Seasonal Music

Music is deeply, deeply personal.  That’s why I don’t write much about it.  There are pieces, I swear, if someone walked in to shoot me when I was listening to them I wouldn’t even notice.  This effect is amplified in autumn.  I don’t listen to music all the time.  In fact, I rarely do.  The reason is, counterintuitively, I fear that music may cease being meaningful to me.  Good things have a way of running out.  The music I like is only very slowly supplemented.  So as the clouds encroached this month, I put on some tunes and I began thinking of appropriate songs of the season.  I’ve heard attempts of more recent artists to sound spooky, but their lyrics don’t match the mood I’m seeking—remember, it’s deeply personal.  So what is autumnal music?

Despite being a fundamentalist, I was raised on rock-n-roll.  My favorite artist growing up was Alice Cooper; in fact, to this day Alice is the only secular rock artist I’ve seen in concert.  Two tracks on Welcome to My Nightmare are among those eerie autumn songs: “Years Ago,” and “Steven.”  This album was profoundly sunk in my psyche before I discovered others.  While not scary in the same way, “Brilliant Disguise” from Bruce Springsteen’s Tunnel of Love hits a similar chord.  The melancholy of autumn must be appeased and this song begs to bring it on.  Many of Leonard Cohen’s songs are like the angst of this season bottled up for a restorative tincture, but I was quite a bit older when I discovered Nick Cave.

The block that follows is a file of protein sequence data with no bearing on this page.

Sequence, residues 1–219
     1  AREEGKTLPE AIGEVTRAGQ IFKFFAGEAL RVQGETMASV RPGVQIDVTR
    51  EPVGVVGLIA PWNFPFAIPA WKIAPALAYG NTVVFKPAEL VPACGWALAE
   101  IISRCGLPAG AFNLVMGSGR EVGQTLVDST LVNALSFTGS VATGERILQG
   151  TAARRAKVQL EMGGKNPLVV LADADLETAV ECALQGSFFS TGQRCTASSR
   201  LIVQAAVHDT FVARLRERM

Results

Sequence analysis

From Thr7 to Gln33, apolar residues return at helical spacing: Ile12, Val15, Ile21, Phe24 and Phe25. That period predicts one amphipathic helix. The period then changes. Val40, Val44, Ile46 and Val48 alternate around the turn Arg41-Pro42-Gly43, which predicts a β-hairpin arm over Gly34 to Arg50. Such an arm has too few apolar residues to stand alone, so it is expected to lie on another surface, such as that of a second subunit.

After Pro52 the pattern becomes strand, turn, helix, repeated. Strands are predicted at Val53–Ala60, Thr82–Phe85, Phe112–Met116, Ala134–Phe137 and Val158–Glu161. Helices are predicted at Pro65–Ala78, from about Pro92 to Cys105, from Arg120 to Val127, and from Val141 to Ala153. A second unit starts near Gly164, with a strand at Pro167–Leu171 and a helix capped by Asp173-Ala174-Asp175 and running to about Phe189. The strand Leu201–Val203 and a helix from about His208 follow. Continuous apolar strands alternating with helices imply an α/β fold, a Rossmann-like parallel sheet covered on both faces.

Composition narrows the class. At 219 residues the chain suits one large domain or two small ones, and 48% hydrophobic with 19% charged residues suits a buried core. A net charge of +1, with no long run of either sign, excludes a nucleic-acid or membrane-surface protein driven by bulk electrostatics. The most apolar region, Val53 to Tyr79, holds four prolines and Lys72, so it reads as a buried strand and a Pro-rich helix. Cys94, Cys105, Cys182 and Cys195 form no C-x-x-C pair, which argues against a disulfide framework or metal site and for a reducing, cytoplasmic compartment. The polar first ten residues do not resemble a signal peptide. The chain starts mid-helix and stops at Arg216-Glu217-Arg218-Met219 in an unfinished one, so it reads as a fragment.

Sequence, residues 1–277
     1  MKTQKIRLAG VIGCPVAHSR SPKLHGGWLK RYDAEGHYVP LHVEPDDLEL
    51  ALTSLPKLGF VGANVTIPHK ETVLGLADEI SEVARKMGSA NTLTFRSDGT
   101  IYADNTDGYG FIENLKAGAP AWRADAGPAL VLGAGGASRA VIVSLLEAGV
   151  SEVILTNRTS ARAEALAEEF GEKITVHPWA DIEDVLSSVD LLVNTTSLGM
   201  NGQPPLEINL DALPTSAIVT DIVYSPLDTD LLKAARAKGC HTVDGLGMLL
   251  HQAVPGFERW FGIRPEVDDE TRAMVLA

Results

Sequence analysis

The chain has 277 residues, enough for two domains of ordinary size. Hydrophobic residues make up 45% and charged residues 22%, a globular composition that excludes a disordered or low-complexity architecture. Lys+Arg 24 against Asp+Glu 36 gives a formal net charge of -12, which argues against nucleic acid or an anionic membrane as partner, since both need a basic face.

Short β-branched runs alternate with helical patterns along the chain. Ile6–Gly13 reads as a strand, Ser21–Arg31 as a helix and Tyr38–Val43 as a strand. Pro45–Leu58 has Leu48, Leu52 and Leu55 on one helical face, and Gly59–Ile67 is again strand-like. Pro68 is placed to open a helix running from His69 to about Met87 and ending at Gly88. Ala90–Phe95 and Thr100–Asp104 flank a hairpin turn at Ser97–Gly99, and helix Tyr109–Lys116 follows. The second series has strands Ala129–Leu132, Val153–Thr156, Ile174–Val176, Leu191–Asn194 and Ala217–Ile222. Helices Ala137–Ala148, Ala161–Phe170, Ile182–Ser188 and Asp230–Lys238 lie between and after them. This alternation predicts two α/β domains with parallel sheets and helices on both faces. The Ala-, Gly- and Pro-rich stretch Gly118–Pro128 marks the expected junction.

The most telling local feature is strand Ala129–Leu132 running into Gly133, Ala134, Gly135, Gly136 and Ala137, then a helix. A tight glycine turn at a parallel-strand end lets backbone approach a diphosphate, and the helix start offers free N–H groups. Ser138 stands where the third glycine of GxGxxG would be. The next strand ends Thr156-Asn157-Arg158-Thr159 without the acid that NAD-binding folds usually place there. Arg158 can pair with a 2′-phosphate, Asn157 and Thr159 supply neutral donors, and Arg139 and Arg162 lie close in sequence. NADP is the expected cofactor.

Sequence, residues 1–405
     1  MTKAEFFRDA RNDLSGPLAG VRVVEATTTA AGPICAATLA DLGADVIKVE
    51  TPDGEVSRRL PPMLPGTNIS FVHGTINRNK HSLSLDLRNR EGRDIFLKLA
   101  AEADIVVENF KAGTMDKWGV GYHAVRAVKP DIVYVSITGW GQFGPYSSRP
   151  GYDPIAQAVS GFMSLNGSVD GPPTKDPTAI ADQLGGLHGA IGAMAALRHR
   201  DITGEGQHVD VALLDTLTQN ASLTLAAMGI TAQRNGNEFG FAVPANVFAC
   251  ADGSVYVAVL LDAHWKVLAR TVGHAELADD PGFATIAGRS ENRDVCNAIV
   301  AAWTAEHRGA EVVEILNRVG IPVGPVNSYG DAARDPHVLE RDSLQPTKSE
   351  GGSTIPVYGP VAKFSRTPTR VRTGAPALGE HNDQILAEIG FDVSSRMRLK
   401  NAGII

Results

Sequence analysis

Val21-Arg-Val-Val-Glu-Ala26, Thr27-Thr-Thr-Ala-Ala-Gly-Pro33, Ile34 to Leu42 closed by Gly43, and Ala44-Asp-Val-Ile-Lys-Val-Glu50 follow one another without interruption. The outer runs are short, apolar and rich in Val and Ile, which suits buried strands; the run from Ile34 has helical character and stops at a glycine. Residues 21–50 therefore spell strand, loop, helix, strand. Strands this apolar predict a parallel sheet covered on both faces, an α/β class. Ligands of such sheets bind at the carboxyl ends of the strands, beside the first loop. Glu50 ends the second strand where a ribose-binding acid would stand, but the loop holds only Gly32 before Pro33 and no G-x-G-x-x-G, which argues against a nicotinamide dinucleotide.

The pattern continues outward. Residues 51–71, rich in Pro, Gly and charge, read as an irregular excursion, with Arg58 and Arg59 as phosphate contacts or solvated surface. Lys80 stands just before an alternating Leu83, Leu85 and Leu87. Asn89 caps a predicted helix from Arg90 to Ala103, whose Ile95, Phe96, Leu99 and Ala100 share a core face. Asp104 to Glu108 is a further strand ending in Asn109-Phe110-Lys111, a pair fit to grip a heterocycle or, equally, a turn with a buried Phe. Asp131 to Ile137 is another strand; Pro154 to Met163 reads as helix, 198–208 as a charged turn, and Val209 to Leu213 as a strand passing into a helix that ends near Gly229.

The Boatman’s Call with its willowy sound and occasionally explicit lyrics, walks that line between a deep-seated spirituality and fear.  There are others, of course, some even fairly recent.  Imagine Dragons’ “Demons” from Night Vision certainly qualifies, as do the first two tracks on Muse’s The Resistance.  But this is my list, and I fear to reveal too much.  Someone who knows your music knows very much about you.  I hear some people discuss music as if it’s a throw-away commodity.  For others of us it has become part of our souls and we’re reluctant to reveal too much.  New members of this autumn music club are added only very slowly, and I reacquaint myself with the long-term members not frequently enough to rob me of their impact.  So it was as the clouds thickened and the cold wind began to blow as the leaves were beginning to turn that I put on my personal songs of the season.  And there was transcendence, but it was, as transcendence tends to be, deeply personal.